Compassionate Acceptance: A Mindful Path to Healing Life’s Wounds
July 27–30, 2017
Buddhist Meditation Retreats, Healing Workshops, Meditation & Mindfulness, Personal Transformation, Yoga, Wellness & Embodied Living
We all carry with us a store of life’s hurts, betrayals, and traumas. Much of the impact of these experiences resides deeply in our nerves and cells of our bodies, to be re-lived repeatedly throughout our lives. Too often, we develop a type of aversion to these hurts—a kind of wishing they would go away. Deep healing occurs only when we soften our self-aversion and begin to accept and relate wisely with deep compassion to that part of ourselves that needs healing.
This will be a dynamic and refreshing opportunity for you to explore how the practice of mindfulness meditation will deepen your understanding of how your body and mind work together to generate lasting healing and well-being.
This retreat will provide a spacious and safe place to work on bringing mindful and compassionate acceptance to these difficulties. Through contemplative, Taoist, and Buddhist teachings and healing practices you will explore a kind of emotional, spiritual, and physical healing based on acceptance and compassion that is often overlooked. This depth of healing is integral to deepening the spiritual path.
You will leave this retreat with a lasting foundation to help you tap into the healing wisdom of your body.
Thomas Roberts on Meditation for Beginners
Blog Post: Simplifying Meditation: Why Practice? To Wake Up!
By Thomas Roberts
These days you hear a great deal about meditation. This kind of meditation, that kind of meditation; all sorts of books describing what it is and what it can do for you. Often meditation is associated with a particular religion or spiritual practice. Let’s clear something up right at the start.
Meditation is not a religion. Meditative/contemplative practices have been part of numerous spiritual practices throughout history. No one owns it.
Meditation is not Prozac. It does not cure or solve anything.
Meditation does not make you a better parent, a better doctor, a better student, help you be less depressed or anxious.
In fact meditation does no-thing at all!
Like everything else that gets exploited, meditation is now neatly packaged for your consumptive desires.
Everybody is touting and selling meditation. Step right up and get yours.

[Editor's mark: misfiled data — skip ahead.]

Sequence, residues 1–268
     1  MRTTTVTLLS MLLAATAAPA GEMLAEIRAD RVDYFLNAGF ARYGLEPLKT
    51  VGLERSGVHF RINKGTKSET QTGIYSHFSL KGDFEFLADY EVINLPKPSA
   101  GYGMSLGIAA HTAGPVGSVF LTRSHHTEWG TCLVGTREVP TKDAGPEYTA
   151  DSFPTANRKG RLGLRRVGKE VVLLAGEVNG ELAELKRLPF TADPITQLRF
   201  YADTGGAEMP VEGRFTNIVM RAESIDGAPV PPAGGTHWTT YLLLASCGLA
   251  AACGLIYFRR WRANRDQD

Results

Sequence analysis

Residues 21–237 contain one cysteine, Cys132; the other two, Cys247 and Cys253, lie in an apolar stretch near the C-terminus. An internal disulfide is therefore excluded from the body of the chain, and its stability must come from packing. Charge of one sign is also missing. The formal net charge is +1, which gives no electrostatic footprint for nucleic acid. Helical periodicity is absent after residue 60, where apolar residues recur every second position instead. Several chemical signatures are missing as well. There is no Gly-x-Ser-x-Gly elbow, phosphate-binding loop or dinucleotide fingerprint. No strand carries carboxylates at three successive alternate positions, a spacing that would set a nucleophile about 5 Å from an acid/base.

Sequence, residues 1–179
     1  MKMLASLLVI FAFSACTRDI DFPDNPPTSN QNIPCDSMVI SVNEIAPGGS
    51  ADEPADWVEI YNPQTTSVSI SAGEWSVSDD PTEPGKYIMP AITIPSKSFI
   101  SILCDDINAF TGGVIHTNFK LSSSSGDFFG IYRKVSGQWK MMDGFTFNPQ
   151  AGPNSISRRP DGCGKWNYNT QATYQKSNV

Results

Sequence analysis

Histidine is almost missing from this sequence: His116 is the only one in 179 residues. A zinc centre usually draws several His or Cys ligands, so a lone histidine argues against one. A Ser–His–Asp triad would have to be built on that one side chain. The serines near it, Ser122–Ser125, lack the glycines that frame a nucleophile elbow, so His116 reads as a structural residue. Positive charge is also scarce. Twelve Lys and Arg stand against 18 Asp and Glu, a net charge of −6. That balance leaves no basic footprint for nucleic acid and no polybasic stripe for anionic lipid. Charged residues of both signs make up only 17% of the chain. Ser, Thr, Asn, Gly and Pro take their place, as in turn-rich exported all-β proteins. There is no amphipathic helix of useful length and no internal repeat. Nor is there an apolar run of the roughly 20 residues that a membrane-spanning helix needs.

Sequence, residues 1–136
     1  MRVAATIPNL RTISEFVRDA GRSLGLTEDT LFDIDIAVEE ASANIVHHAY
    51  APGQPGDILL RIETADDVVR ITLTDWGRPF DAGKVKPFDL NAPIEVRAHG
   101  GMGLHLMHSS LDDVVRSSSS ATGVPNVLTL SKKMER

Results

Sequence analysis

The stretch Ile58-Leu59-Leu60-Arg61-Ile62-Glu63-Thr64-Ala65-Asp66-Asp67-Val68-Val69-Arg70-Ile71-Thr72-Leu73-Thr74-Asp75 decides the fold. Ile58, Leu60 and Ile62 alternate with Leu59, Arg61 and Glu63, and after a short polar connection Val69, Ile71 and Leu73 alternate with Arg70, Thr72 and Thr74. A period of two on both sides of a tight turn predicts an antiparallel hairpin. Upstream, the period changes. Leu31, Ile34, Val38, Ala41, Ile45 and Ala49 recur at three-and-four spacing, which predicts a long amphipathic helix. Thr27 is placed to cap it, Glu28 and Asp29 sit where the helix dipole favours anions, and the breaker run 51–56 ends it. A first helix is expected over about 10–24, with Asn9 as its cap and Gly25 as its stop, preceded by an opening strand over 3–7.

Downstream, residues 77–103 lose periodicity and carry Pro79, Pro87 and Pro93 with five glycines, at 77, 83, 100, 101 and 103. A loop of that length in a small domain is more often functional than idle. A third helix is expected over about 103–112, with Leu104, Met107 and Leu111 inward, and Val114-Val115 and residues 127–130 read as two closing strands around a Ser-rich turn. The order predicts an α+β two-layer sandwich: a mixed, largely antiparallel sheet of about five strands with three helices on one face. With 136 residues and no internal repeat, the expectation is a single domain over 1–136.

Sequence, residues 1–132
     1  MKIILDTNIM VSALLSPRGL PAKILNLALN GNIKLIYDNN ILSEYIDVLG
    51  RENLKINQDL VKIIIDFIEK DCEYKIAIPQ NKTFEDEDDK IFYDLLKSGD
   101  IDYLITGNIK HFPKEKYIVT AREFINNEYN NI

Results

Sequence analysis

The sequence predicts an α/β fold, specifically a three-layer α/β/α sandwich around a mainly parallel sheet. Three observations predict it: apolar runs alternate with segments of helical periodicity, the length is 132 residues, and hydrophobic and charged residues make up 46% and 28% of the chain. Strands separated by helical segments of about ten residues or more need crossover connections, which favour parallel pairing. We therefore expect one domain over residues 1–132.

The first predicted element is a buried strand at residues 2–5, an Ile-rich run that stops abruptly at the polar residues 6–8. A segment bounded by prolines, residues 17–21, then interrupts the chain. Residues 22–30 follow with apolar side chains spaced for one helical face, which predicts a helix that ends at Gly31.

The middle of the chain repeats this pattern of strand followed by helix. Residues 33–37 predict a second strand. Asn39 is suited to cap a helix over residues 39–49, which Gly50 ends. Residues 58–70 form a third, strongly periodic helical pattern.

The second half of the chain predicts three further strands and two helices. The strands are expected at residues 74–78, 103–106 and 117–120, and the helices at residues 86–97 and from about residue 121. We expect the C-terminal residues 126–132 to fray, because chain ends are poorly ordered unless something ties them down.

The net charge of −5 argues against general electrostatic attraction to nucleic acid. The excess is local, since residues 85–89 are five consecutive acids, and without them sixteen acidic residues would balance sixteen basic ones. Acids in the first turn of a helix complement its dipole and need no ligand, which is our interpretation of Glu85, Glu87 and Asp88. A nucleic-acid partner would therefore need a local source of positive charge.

Okay let’s restore some sanity here.
A meditation practice doesn’t help you overcome anything. It just helps you face your life with greater patience, openness and compassion.
If you do meditation for some outcome you’re not doing mindfulness. I’m not sure what you’re doing and it may be beneficial but it is not meditation.
You see, the real practice of meditation has no outcome. You don’t do meditation to get anywhere or achieve anything. If you do, you run the risk of becoming attached to that particular outcome and that interferes with your meditation practice.
So why practice mindfulness?
All the great teachers (Christian, Buddhist, Hindu, Toltec, Muslim, Native Peoples) have taught one thing:
The only reason to practice mindfulness is this:
to wake up!!!!
To wake up!
A regular meditation practice simply peels back the layers of self-deception to see things clearly as they truly are. The more you wake up, the more you are able to live your life from an open compassionate heart, and a balanced calm mind; from a deep place of innate wisdom. The benefits of awakening move in all directions throughout all your experiences.
Meditation is the awakening of our entire experience, not just our minds; the awakening of our entire body-mind and its sensory experience. This awakening reduces our fear-based reactions and cultivates our natural ability respond to others and ourselves with great patience, openness and compassion. Our senses become alive with wonder and curiosity for past conditionings and limiting attachments.
So let’s stop all this nonsense of trying to practice meditation for any particular outcome.
It comes down to this: Practice this enduring skill for its own sake, and everything else will take care of itself.
The simple yet profound practice of mindful meditation, whether on a cushion or in a chair, or in a grocery line, or talking with another, just keeps you in an open, balanced, and compassionate place that just makes this a better world.
The Path of Simply Being retreat will be a wonderful experience in developing a meaningful and beneficial meditation practice.
You need not have any prior meditation experience. Or you may wish to attend to deepen or re-kindle your practice.
Hope to see you here at Shambhala!
Thomas Roberts, a Zen Buddhist and psychotherapist, has led dynamic, refreshing, and practical retreats on mind-body healing and meditation practices for over 30 years. This retreat will draw from his book The Mindfulness Book: A Beginner’s Guide to Overcoming Fear and Embracing Compassion.